ping with time and log

Usage:

Download the ping.sh file. Unpack it and start it in with ./ping.sh (don’t forget to be in the right folder). The script will ping google (8.8.8.8, if you do not change it in the script) and will create an „log“ file with the default name „tping“ in the same folder.

The output should look like this: (if you have a working connection to the host)
Mon Jun 12 12:17:41 CEST 2017: 64 bytes from 8.8.8.8: icmp_seq=0 ttl=46 time=28.139 ms

It will look like this if your connection is not working or the server could not be reached
Mon Jun 12 12:17:41 CEST 2017: Request timeout for icmp_seq 0

The ping time depends if you ping some device in your own network or in the internet.
If it is in the internet:
0-30 ms -> GOOD
30 – 80 ms -> OK
80-120 ms -> Mhhhhh
120 > -> go out and do something else 😉

WAN

Example Ping into the wan

64 bytes from 8.8.8.8: icmp_seq=1 ttl=47 time=18.991 ms
64 bytes from 8.8.8.8: icmp_seq=2 ttl=47 time=18.917 ms
64 bytes from 8.8.8.8: icmp_seq=3 ttl=47 time=18.961 ms
64 bytes from 8.8.8.8: icmp_seq=4 ttl=47 time=18.893 ms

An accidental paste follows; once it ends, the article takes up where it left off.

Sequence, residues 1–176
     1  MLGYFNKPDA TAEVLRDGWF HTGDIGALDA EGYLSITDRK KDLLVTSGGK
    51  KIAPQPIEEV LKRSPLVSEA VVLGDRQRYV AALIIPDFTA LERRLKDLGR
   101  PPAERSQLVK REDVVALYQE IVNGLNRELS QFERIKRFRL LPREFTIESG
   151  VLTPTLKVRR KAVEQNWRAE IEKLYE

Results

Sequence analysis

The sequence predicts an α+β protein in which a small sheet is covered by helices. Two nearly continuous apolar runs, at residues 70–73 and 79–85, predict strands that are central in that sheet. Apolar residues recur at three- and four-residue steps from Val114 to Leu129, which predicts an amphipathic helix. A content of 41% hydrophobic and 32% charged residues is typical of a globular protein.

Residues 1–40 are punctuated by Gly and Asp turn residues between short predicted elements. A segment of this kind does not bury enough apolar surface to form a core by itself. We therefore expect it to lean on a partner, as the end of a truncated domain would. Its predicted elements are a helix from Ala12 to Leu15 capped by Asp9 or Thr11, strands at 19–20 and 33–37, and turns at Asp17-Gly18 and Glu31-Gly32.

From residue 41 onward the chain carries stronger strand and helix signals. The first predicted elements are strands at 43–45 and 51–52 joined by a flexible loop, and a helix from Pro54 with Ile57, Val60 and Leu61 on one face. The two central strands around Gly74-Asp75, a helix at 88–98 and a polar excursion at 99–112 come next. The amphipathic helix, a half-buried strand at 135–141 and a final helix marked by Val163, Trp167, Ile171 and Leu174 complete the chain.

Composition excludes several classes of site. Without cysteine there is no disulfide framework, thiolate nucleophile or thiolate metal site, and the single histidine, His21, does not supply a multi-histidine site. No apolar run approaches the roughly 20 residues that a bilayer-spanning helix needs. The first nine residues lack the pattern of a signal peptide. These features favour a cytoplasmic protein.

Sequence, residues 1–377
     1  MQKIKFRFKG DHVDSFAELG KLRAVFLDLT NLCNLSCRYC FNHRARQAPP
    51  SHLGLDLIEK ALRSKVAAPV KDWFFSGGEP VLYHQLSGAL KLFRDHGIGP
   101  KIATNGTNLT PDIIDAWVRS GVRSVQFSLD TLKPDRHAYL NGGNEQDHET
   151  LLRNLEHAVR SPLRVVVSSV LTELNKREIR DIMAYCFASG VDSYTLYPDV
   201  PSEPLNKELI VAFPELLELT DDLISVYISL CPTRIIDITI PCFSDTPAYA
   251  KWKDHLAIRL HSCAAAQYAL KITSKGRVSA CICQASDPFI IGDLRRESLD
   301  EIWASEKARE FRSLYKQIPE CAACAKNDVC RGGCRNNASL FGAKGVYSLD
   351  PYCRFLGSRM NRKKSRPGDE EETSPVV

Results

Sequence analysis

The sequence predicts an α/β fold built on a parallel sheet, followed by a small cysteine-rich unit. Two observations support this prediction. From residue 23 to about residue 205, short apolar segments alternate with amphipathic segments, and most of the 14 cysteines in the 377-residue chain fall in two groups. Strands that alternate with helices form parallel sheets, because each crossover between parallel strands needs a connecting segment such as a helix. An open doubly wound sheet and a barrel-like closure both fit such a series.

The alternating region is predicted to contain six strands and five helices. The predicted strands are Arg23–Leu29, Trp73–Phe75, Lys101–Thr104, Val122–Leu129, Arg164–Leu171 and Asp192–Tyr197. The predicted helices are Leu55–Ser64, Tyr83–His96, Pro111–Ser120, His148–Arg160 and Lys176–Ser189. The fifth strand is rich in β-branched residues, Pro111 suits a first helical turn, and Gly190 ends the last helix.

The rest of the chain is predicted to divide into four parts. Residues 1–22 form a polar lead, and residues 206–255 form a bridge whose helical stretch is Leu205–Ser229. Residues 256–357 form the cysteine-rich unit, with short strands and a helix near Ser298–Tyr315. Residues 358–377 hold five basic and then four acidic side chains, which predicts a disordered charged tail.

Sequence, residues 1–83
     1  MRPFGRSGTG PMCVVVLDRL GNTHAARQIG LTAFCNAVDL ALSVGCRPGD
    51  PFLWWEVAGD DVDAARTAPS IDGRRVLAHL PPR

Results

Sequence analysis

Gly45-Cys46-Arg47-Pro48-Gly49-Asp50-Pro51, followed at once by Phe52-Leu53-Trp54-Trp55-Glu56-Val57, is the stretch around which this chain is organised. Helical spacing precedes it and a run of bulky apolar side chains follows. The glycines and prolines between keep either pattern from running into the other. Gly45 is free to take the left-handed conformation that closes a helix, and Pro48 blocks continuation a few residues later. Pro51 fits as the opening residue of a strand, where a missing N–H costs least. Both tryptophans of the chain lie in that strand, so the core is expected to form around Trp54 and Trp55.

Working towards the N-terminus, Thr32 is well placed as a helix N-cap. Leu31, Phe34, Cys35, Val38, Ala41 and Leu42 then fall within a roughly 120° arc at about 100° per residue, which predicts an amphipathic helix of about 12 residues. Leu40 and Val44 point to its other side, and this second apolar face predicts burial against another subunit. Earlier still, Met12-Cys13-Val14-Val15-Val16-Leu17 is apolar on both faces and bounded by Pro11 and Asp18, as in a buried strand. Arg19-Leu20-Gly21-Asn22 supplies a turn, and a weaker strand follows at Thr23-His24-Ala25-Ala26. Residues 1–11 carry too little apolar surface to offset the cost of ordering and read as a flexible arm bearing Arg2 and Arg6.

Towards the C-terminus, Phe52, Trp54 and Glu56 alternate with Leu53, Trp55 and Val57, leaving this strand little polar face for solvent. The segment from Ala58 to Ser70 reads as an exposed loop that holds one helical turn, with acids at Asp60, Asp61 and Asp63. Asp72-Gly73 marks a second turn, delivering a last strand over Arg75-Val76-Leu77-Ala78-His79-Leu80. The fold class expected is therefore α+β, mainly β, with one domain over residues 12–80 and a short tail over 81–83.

64 bytes from 8.8.8.8: icmp_seq=5 ttl=47 time=18.932 ms
64 bytes from 8.8.8.8: icmp_seq=6 ttl=47 time=19.114 ms

If it is in you network (LAN – Cable)
0-15 ms -> GOOD
15-50 ms -> OK
50 ms > you should have a look why this is so slow (maybe your destination is under heavy network traffic or you are, or some device in between)

LAN – Cable Network

Example Ping in the local network

64 bytes from 172.100.10.20: icmp_seq=1 ttl=128 time=0.236 ms
64 bytes from 172.100.10.20: icmp_seq=2 ttl=128 time=0.140 ms
64 bytes from 172.100.10.20: icmp_seq=3 ttl=128 time=0.161 ms
64 bytes from 172.100.10.20: icmp_seq=4 ttl=128 time=0.151 ms
64 bytes from 172.100.10.20: icmp_seq=5 ttl=128 time=0.161 ms
64 bytes from 172.100.10.20: icmp_seq=6 ttl=128 time=0.153 ms

WLan – Wireless Network

Example Ping in the local network

64 bytes from 192.168.1.1: icmp_seq=1 ttl=64 time=15.531 ms
64 bytes from 192.168.1.1: icmp_seq=2 ttl=64 time=3.515 ms
64 bytes from 192.168.1.1: icmp_seq=3 ttl=64 time=14.879 ms
64 bytes from 192.168.1.1: icmp_seq=4 ttl=64 time=6.182 ms
64 bytes from 192.168.1.1: icmp_seq=5 ttl=64 time=7.358 ms
64 bytes from 192.168.1.1: icmp_seq=6 ttl=64 time=5.746 ms

 

System:

Linux & Mac

#!/bin/bash
#example: Mon Jun 12 12:17:41 CEST 2017: 64 bytes from 8.8.8.8: icmp_seq=0 ttl=46 time=28.139 ms

server="8.8.8.8"
log="tping"

ping $server | while read pong; do echo "$(date): $pong"; done >> $log.txt

Download File: ping.sh


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